What are we to make of the year’s first presidential debate? Listen in as John R. Hibbing, Jonathan Weiler and I discuss this question and others surrounding the 2020 presidential race.
Hibbing is a Foundation Regents University Professor of political history and psychology at the University of Nebraska-Lincoln. He’s been a Guggenheim Fellow, a NATO Fellow and a Senior Fulbright Fellow. He is the author of Predisposed: Liberals, Conservatives, and the Biology of Political Differences (Routledge, 2014). Weiler is the director of undergraduate studies and a professor of global studies at the University of North Carolina. He is the author of Prius or Pickup? How the Answers to Four Simple Questions Explain America’s Great Divide (Houghton Mifflin Harcourt, 2018)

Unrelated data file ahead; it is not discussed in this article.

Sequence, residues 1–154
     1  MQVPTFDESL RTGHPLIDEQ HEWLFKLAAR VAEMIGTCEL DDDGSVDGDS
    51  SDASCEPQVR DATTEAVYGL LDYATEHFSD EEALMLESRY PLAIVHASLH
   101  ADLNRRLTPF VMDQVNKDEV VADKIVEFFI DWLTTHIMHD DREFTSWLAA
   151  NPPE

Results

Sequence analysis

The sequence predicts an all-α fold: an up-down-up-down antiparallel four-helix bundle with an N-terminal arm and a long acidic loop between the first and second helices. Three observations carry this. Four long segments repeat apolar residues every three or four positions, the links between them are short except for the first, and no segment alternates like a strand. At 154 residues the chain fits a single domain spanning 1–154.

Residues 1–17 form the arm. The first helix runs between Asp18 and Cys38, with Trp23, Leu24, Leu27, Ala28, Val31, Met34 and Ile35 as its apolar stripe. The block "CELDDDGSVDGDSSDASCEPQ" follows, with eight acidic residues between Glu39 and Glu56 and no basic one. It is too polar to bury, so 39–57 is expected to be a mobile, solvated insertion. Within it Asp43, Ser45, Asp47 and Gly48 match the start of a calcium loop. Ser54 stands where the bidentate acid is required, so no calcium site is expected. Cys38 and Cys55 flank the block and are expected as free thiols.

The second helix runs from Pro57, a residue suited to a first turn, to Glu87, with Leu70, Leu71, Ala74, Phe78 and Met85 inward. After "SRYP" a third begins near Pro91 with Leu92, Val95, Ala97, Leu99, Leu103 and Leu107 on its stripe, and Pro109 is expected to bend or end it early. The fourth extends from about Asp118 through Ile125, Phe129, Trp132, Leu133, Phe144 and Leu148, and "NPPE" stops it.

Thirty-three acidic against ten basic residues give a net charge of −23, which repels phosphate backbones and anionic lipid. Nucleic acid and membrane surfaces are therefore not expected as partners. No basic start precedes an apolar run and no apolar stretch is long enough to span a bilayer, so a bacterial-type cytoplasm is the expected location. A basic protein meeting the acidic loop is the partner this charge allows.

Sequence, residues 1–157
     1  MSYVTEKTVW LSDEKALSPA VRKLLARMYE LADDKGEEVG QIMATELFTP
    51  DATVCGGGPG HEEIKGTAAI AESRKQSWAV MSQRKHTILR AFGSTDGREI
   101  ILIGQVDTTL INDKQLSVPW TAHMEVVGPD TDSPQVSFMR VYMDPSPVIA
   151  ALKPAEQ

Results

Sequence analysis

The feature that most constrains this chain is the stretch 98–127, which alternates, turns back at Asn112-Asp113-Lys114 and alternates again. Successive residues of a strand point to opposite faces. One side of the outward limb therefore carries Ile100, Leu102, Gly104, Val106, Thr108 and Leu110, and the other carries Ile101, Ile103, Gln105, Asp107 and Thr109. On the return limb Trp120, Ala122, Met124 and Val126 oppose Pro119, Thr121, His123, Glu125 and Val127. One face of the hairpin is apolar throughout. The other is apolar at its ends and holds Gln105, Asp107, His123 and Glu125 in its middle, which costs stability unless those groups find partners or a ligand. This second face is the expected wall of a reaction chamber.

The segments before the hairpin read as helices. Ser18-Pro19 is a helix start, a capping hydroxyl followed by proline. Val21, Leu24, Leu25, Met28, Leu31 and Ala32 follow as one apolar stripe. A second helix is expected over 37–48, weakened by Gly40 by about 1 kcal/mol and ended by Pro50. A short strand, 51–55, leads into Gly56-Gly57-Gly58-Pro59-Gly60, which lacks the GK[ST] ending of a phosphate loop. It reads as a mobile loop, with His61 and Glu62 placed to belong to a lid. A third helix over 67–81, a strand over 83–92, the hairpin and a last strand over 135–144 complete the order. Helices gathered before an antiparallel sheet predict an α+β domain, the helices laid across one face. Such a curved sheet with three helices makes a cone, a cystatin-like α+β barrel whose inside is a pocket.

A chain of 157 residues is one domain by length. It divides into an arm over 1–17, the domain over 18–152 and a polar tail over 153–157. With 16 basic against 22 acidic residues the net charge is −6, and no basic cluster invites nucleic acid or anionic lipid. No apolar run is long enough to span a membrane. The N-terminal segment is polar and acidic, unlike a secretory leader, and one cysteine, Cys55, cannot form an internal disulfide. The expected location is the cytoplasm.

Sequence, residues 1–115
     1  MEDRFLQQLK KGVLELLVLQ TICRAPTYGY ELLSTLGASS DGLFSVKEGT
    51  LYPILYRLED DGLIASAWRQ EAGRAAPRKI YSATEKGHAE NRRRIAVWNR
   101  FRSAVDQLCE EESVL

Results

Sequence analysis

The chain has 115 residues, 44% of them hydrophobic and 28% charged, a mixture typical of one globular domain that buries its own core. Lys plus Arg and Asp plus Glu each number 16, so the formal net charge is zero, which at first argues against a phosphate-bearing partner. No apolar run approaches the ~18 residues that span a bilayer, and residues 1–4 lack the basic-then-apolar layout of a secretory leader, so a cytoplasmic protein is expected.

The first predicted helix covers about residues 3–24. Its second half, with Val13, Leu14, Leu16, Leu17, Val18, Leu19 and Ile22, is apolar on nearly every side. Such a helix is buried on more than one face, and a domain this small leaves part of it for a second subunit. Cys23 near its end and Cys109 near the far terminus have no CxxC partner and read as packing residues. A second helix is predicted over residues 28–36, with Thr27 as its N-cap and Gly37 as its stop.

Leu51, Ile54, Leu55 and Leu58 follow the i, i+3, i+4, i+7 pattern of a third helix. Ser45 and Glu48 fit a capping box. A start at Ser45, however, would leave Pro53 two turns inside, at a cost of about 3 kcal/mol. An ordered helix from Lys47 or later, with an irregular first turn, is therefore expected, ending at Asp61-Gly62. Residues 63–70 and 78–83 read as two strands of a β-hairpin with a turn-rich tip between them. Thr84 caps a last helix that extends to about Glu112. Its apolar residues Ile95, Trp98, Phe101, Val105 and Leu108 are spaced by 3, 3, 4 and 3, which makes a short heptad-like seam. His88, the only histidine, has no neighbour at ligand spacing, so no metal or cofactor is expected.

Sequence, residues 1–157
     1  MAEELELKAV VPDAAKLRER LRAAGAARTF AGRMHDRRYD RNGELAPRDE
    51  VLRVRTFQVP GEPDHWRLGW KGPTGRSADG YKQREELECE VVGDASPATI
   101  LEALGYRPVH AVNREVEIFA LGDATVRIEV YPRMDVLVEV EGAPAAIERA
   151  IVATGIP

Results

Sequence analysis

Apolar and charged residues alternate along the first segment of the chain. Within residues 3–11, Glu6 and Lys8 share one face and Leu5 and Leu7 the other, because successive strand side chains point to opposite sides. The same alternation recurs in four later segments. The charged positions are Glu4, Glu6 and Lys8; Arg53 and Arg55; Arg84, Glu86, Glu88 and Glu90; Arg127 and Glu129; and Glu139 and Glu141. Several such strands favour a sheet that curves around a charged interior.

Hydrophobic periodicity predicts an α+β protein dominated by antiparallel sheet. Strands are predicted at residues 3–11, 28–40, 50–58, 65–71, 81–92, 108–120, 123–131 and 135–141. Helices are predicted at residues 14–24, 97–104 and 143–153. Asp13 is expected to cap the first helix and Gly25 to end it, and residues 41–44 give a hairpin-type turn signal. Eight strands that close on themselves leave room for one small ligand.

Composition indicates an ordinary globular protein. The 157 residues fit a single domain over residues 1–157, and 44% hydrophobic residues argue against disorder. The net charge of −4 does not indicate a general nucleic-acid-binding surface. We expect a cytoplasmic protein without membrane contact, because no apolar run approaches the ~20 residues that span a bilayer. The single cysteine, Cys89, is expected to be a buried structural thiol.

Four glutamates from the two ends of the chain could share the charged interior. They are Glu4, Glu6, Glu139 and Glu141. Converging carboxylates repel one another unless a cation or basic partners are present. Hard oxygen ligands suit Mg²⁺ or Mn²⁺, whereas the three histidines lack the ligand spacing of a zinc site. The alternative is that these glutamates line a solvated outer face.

Topics covered in this episode include:
• How well did Donald Trump and Joe Biden each do respectively in attracting undecided voters, who might slightly favor either a liberal/fluid or conservative/fixed innate perspective.
• The role of disgust in affirming a fixed perspective, given Trump emoting 10x as much disgust as Biden in this debate.
• What are the prospects, if any, for the two sides to reconcile in an election that could be decided by the Supreme Court, Congress, or in a matter of speaking through the Street in the form of protests and militia-style violence.
Dan Hill, PhD, is the author of eight books and leads Sensory Logic, Inc. (https://www.sensorylogic.com). To check out his “Dan Hill’s EQ Spotlight” blog, visit https://emotionswizard.com.